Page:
Dealmaking in China demands a different approach

May 19, 2022 | Case Study

Dealmaking in China demands a different approach

Marcus Shadbolt, Managing Partner

Vermilion Partners is a Beijing headquartered investment banking advisory firm, offering cross-border and domestic financial advisory services in China, Europe and other Asian markets for over 25 years.

Chinese companies have routinely demonstrated how comfortable they are making overseas acquisitions. For foreign companies seeking to acquire in China, however, the process is much more challenging and time-consuming.

So much so, says Marcus Shadbolt, managing partner at Vermilion Partners, a Beijing headquartered investment banking advisory firm, that doing deals in the country “requires a different approach from other regions such as the US and Europe”.

Doing your homework is critical

Part of that involves knowing who to approach at the target company, and how. “Culturally, it is important to identify and approach the target in the right way even if it takes time to gain access properly,” says Shadbolt.

He adds, acquirers will need to demonstrate patience in their pursuit, too. “In many cases, it is important to guide the target company through the M&A process,” he says, as Chinese companies more often than not have little or no previous experience of due diligence or M&A.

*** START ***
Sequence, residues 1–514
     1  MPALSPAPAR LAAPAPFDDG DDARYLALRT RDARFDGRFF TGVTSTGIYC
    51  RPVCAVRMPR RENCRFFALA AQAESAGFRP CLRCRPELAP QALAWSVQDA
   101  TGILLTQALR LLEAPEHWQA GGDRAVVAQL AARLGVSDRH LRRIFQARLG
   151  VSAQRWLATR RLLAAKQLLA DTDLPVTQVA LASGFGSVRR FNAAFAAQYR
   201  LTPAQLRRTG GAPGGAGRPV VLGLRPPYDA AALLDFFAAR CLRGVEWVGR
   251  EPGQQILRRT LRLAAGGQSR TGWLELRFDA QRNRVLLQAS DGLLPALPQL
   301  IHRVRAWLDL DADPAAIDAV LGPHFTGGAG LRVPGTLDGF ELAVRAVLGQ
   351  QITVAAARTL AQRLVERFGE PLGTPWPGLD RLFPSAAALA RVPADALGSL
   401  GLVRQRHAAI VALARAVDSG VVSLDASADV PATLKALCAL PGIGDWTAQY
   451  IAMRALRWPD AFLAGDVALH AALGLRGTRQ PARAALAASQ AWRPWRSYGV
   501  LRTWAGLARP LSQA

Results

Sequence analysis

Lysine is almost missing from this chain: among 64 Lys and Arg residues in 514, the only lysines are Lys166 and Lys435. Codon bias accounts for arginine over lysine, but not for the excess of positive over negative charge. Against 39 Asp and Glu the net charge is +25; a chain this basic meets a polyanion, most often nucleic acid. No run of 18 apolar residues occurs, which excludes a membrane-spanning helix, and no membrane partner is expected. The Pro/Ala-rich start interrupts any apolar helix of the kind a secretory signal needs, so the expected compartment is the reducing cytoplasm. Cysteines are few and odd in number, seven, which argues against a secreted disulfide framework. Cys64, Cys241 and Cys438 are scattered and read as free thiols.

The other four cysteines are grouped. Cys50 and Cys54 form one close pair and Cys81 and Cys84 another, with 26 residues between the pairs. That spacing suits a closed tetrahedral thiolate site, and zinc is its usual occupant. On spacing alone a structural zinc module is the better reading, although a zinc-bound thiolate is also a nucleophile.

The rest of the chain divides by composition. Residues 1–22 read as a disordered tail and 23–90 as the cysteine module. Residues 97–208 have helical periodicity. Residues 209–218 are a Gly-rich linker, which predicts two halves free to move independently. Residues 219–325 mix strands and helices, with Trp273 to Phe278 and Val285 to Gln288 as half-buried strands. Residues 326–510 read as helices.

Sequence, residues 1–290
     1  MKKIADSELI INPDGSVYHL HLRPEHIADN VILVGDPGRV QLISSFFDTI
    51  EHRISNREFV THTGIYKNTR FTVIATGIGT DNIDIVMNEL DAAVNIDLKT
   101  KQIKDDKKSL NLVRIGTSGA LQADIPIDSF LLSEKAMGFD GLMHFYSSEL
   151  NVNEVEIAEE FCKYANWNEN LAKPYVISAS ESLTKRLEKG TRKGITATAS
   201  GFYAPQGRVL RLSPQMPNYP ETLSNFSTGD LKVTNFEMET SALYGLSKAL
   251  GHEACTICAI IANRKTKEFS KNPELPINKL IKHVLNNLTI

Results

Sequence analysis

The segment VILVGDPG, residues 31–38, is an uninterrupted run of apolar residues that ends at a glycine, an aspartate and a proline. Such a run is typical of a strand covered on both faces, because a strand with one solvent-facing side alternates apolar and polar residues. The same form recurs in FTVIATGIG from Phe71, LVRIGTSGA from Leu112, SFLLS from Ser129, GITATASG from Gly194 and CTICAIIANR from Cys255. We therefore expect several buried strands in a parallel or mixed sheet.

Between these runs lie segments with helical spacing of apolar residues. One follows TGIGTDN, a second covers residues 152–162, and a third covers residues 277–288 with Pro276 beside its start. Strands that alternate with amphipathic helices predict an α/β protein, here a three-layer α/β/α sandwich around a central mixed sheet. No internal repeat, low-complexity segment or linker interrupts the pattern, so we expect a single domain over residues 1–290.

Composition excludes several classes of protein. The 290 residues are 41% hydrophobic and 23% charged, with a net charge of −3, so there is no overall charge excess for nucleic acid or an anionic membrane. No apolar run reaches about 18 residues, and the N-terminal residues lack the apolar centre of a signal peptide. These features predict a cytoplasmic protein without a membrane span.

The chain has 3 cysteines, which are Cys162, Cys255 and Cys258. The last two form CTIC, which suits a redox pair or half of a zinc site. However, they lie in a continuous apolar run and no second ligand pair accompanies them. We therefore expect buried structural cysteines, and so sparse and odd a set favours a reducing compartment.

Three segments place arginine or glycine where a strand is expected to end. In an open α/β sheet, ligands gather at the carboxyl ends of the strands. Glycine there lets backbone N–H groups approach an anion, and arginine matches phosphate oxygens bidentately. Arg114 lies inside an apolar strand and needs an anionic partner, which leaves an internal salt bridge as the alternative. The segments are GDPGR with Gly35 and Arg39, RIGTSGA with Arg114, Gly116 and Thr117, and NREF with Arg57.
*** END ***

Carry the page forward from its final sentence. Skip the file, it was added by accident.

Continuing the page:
This together with perennial challenges within the market has slowed down the dealmaking process, in some instances quite considerably. One of the most well-known challenges is the lack of publicly available information on Chinese companies, which presents all manner of problems for buyers across all stages of the M&A process, and especially at the front-end, when identifying targets and running preliminary due diligence.

‘Fast Forward’ due diligence

Virtual data rooms, which are commonplace in North American and European M&A markets, are seemingly rarely used in China.

“Standard vendor due diligence and virtual data rooms keep you at arms-length from the company, which is usually fine in Europe where the asset is well-known and the basis of information reliable and complete. But in China, there is often a lack of reliable information readily available so it’s essential to get to know the target intimately at first-hand,” says Shadbolt.

It is crucial, therefore, “to conduct an extra layer of diligence at the outset in order to invest time and resources in the right deals,” says Shadbolt.

To help, Shadbolt says Vermilion has pioneered an approach it calls ‘Fast Forward’ due diligence where, on behalf of the buyer, the firm conducts an initial investigation into the target company. This involves Vermilion spending time with the company’s management and undertaking an initial review, which often leads to the company restating its financial accounts so they are compliant and conform with western accounting standards. The process also involves looking for issues that might become deal-breakers and, more importantly, understanding how the target company really works across key business areas such as its supply chain, distribution channels and on corporate governance.

The aim of this is not to replace formal and detailed confirmatory due diligence, but to ensure there is the right basis for initial discussions. What’s more, by front-loading the due diligence in this way, this enables the acquirer to establish, as soon as possible, whether the deal is viable or not.

“It’s much better to do this early because it’s hard to revise heads of terms when you find something out later in the process,” says Shadbolt.